Acts 23:30; Acts 23:30. a. The words ὑπὸ τῶν Ἰουδαίων, after ἔσεσθαι, are wanting in the Vatican manuscript [B.], and in several minuscules: they are, without doubt, a later addition. [They are found in G. H., Syr. but not in Vulg., nor Cod. Sin.—For ἐξαυτῆς A. and E. substitute ἐξ αὐτῶν, which reading is adopted by Lach., and has since been found in Cod. Sin.—Tisch. and Alf. cancel ὑπο τ. Ἰ.—Ἐξαυτῆς, of text. rec., found in B. G. H., is omitted in A. E. Cod. Sin. Vulg., and is dropped by Lach., but retained by Tisch. and Alf.—Tr.]

Acts 23:30; Acts 23:30. b. τὰ πρὸς αὐτὸν, and ἔῤῥωσο [of text. rec.], are also to be suspected, on critical grounds, and must be regarded as glosses. [The words τὰ πρὸς αὐτὸν are found, with some variations (B. omitting τὰ; E.G. adding αὐτοὺς) in B. E. G. H.; they are retained by Alf.—Lach. and Tisch., with A., read simply αὐτοὺς after λεγειν, which is also the reading of Cod. Sin.—Ἔῤῥωσο is found in E. G. and Cod. Sin.; ἐῤῥώσθε in H.; the word is omitted in A. B., and is dropped by Lach., Tisch., and Alt. The Vulg. has Vale in the common printed editions, but Cod. Amiatinus omits the word.—Tr.]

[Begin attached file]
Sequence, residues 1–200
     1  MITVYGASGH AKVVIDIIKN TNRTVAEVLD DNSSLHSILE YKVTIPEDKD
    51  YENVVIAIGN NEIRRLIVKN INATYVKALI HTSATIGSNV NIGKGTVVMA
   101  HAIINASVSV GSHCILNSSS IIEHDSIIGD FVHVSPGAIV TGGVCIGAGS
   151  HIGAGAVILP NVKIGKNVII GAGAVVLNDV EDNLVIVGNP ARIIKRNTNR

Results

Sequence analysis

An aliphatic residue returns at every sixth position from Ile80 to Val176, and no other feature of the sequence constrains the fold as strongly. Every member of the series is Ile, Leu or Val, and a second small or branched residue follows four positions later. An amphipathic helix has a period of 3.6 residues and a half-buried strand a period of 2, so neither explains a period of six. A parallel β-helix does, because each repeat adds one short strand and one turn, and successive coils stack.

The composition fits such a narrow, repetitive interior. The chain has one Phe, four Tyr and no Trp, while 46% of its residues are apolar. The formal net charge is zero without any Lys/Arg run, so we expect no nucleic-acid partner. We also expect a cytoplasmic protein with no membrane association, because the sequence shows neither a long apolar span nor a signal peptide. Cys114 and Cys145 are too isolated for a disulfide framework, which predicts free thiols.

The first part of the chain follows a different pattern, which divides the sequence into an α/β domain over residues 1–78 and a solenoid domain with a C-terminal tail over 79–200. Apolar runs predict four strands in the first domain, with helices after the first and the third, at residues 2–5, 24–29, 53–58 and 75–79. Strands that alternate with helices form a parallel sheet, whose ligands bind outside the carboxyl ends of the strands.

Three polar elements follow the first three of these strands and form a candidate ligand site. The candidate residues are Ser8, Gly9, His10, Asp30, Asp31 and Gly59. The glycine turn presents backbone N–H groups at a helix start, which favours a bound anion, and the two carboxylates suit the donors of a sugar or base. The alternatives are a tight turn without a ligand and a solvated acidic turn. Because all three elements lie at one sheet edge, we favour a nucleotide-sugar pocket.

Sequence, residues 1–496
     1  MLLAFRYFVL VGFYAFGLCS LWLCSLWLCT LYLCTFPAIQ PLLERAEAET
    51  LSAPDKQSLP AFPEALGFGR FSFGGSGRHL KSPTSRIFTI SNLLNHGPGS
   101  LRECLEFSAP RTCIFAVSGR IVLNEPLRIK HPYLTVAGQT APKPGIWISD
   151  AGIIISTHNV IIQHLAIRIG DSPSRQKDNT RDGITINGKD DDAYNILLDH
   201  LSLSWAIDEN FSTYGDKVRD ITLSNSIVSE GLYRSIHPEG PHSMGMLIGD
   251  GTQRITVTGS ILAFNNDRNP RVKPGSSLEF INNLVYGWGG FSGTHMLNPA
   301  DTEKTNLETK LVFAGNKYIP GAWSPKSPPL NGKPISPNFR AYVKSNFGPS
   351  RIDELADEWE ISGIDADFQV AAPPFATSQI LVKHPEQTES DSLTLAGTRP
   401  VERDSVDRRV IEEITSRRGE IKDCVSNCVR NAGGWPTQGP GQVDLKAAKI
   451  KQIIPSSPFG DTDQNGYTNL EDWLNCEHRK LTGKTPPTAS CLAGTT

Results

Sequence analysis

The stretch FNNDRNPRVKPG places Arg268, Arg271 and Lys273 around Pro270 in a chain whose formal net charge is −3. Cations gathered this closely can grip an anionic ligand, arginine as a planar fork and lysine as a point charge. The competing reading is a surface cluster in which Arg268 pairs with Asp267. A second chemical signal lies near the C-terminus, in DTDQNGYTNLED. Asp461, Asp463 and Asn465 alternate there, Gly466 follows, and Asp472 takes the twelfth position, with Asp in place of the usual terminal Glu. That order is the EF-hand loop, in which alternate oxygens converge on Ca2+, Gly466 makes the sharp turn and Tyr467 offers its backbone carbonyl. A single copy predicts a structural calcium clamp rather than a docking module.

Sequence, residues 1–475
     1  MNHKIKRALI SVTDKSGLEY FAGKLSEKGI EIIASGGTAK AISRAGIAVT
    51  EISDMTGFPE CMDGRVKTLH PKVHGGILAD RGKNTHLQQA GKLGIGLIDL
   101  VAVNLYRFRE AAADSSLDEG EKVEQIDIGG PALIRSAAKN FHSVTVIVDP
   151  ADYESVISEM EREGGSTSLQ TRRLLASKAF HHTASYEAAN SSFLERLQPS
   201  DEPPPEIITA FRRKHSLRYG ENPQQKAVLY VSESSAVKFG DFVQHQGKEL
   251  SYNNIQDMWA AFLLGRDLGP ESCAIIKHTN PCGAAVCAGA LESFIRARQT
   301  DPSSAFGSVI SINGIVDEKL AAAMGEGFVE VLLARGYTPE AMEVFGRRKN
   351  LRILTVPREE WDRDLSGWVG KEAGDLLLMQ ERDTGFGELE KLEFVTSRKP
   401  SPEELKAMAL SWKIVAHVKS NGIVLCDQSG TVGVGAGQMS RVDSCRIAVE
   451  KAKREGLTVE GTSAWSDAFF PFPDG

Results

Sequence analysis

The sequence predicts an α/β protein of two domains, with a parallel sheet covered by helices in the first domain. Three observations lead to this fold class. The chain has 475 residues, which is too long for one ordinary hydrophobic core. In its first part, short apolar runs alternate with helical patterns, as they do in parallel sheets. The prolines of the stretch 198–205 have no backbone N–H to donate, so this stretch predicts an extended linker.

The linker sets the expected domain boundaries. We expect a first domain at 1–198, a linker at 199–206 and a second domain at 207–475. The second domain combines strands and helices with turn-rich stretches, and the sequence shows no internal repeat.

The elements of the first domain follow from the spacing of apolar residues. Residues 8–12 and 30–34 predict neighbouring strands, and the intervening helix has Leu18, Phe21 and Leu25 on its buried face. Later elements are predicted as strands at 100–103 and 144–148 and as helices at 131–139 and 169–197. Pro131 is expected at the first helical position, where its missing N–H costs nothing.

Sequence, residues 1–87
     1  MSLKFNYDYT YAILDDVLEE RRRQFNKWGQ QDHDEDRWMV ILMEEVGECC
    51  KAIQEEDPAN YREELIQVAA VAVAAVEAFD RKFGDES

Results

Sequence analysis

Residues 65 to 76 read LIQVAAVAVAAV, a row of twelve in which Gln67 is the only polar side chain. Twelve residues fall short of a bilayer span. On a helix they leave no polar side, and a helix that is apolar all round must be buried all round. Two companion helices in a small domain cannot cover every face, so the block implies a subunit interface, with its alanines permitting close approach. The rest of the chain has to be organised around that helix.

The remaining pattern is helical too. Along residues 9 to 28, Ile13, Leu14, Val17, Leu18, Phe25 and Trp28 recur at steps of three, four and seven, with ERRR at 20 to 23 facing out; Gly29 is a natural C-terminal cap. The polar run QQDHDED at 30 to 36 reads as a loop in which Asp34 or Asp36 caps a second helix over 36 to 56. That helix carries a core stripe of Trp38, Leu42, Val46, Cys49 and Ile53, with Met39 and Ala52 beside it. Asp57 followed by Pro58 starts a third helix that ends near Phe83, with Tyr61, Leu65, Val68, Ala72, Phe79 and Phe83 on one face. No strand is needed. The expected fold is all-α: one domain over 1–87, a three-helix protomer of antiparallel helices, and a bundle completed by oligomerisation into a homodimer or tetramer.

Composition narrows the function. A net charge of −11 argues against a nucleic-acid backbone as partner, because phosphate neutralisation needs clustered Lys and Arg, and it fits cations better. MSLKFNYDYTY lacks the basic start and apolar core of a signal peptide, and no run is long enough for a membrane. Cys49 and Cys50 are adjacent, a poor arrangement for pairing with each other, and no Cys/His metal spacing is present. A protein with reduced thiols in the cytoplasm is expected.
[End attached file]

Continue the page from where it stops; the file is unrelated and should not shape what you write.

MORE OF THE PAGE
Acts 23:34; Acts 23:34. ὁ ἡγεμών after ἀναγνοὺς δὲ is a spurious addition. [It is found in G. H., but omitted in A. B. E. Cod. Sin. Vulg., and is dropped by recent editors generally.—Tr.]

Acts 23:35; Acts 23:35. κελεύσας [without τε, found in A. B. E. Syr., and adopted by Lach., Tisch., Born., and Alf.] is better attested than ἐκέλευσέ τε [of text. rec., with G. H.—Cod. Sin. originally read κελεύσαντος, which was afterwards corrected by C to κελεύσας.—Vulg. jussitque.—Tr.]

Bibliographical Information
Lange, Johann Peter. "Commentary on Acts 23". "Commentary on the Holy Scriptures: Critical, Doctrinal, and Homiletical". https://studylight.org/commentaries/eng/lcc/acts-23.html. 1857-84.
adsFree icon
Ads FreeProfile